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Evaluation of the Roman Road at Sheep Lair Farm, Folksworth

Kemp, S. N. (1995) Evaluation of the Roman Road at Sheep Lair Farm, Folksworth. [Client Report] (Unpublished)

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As part of the A1 widening programme the Archaeological Field Unit, Cambridgeshire County Council evaluated the course of the Roman road at OS Field No. 8776, Sheep Lair Farm, Folksworth. Field evaluation was undertaken in November 1993 to assess the condition of the Roman road and adjacent hollow way identified by Evans and Shotliff (1991). Archaeological work included trenching, earthwork and geophysical survey. The evaluation area lies on the south side of the Norman Cross roundabout and Sheep Lair Farm, Folksworth and to the west of A1. Trenches were placed in the southern part of the field just north of Stilton where the Roman road survived as a pronounced agger. Five trenches of up to 20m in length were excavated by machine through the roadway to record construction sequence. Trenches were opened adjacent to the agger with the expectation of finding roadside ditches. Excavation showed the road to consist of two flint cobble layers overlying made-up ground. No roadside ditches were encountered, however, the evaluation area was restricted due to the potential disturbance to grazing land. Remnants of a medieval landscape were also recognised as being of archaeological interest (Evans and Shotliff 1991). These consist of medieval agricultural remains, largely of ridge and furrow , with a hollow way lying on the eastern side of the Roman road. Pelling and Leith (1992)indicated the vulnerability of these remains within the proposals. Quarries lie within or close to the intake of land. Quarrying caused significant landscape alteration during the post-medieval period within the parish of Folksworth. References to the gravel extraction occur in 1550 and again in 1821 and 1844 suggesting a recent date to land alterations which are probably associated with the construction and maintenance of the Great North Road. Ogilbey's map of 1675 indicates that this Ermine Street was certainly a major routeway in the seventeenth century, whilst Taylor (1979) has demonstrated that during the medieval period a more westerly course was preferred. Historical research indicates a single shift of route from the Roman road to the present alignment. This had occurred by 1821, probably during the late seventeenth century when the Great North Road between Alconbury and Peterborough was turnpiked. Geophysical survey recognised a series of high magnetic anomalies which may represent kilns. As these features were not recognisable during the course of the earthwork survey it is probable that they represent archaeological activities prior to the conversion of the open field system to pasture, a land use change which probably dates to at least the seventeenth century. Evaluation of these anomalies is recommended.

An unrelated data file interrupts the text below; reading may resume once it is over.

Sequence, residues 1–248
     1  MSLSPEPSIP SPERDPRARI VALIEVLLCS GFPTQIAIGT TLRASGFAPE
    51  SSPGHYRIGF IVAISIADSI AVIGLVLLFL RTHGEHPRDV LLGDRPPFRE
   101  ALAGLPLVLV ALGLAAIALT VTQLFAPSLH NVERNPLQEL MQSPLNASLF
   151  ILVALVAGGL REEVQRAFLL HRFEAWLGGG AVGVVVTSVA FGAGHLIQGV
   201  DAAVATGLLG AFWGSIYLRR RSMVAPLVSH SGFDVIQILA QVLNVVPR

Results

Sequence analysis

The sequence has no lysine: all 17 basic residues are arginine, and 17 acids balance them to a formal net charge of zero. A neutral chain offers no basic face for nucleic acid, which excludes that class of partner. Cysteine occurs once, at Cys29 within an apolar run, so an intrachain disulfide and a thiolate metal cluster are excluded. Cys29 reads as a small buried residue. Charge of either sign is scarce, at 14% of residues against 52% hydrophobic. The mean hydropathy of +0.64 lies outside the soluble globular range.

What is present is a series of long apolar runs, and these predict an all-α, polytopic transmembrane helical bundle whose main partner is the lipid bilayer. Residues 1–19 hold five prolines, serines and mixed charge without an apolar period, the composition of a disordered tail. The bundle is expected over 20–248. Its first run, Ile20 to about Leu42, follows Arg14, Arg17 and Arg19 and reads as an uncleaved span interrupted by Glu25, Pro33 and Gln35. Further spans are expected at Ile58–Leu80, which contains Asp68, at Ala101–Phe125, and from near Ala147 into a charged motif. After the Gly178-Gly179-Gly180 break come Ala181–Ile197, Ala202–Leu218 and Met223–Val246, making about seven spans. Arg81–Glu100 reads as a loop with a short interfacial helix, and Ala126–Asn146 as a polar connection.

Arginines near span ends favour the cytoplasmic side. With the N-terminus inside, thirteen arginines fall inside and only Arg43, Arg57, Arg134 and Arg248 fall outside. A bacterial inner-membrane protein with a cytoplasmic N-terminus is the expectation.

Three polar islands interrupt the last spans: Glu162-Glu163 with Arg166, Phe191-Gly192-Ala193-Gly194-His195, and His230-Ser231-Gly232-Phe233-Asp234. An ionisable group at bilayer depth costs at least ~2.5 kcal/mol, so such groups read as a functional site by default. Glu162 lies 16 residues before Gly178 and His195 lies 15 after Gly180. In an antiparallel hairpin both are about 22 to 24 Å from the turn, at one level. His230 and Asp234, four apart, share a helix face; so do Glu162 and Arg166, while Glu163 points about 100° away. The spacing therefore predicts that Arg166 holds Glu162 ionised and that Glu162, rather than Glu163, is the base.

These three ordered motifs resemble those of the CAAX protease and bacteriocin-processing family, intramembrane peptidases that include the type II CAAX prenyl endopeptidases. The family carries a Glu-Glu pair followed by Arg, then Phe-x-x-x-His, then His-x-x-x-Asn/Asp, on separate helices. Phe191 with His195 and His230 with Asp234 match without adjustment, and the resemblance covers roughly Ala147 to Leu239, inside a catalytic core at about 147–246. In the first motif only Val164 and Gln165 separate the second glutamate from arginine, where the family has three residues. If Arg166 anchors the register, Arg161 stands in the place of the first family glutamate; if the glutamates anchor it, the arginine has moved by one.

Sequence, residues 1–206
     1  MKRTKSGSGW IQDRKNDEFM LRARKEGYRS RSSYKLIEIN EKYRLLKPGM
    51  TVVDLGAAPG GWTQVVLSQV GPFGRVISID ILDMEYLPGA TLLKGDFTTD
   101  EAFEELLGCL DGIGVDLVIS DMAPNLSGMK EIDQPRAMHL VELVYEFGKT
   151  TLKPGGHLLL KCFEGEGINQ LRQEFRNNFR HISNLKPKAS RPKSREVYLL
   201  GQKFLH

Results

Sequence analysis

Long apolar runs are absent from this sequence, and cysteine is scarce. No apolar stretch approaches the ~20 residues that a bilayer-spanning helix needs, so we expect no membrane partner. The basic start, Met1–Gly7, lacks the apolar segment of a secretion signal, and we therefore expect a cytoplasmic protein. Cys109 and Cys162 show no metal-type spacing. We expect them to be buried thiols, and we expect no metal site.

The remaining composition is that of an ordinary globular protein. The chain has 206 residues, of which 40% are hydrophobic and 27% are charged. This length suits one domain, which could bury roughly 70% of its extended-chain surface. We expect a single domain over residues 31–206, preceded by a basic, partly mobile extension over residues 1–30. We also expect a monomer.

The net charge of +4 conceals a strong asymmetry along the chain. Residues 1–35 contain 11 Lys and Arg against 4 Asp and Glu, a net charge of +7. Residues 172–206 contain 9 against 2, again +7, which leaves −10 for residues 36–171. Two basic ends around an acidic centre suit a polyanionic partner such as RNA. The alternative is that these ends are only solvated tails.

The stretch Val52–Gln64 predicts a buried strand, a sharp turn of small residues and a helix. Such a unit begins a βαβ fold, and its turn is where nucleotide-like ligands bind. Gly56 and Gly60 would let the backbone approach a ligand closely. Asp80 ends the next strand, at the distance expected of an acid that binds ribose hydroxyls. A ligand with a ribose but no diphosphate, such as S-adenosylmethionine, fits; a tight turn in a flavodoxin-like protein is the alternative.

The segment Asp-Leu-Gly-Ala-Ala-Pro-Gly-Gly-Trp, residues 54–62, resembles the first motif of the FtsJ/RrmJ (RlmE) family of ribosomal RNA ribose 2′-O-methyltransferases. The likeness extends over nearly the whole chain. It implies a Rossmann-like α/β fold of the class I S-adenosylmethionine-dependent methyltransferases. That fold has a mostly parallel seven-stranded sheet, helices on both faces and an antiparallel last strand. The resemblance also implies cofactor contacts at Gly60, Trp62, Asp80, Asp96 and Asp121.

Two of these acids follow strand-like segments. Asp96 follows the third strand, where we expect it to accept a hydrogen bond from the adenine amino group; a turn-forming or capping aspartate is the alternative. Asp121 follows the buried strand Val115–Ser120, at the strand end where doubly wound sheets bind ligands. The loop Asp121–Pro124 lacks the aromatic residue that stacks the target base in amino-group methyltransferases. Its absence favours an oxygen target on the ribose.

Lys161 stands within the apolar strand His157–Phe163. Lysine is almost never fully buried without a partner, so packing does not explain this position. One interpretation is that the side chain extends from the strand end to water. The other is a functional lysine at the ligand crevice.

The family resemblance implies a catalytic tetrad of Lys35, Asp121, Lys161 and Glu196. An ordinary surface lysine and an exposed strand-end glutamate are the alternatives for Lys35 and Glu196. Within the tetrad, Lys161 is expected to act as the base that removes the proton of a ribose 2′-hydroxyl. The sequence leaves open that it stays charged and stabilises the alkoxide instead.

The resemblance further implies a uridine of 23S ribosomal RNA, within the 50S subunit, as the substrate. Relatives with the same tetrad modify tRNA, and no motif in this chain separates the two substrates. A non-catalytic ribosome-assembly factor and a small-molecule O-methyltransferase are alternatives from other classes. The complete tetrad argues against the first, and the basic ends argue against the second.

Item Type: Client Report
Uncontrolled Keywords: A58, Sheep Lair Farm, Folksworth, Cambridgeshire, evaluation, trenching, earthworks, geophysical survey, agger, medieval ridge and furrow, furrow, ridge and furrow, medieval, furlong, hollow way, quarry, Roman road, road, kiln, flint pebbles, enclosure, cobbles, ditch, brick, tile, cambridgeshire, folksworth, agriculture, landscape, layer, Medieval, report A58, a58, report a58, gravel extraction, Great North Road, Ermine Street
Subjects: Geographical Areas > English Counties > Cambridgeshire
Period > UK Periods > Medieval 1066 - 1540 AD
Period > UK Periods > Roman 43 - 410 AD
Depositing User: Archives
Date Deposited: 12 Sep 2018 08:28
Last Modified: 12 Sep 2018 08:28
URI: http://eprints.oxfordarchaeology.com/id/eprint/4289

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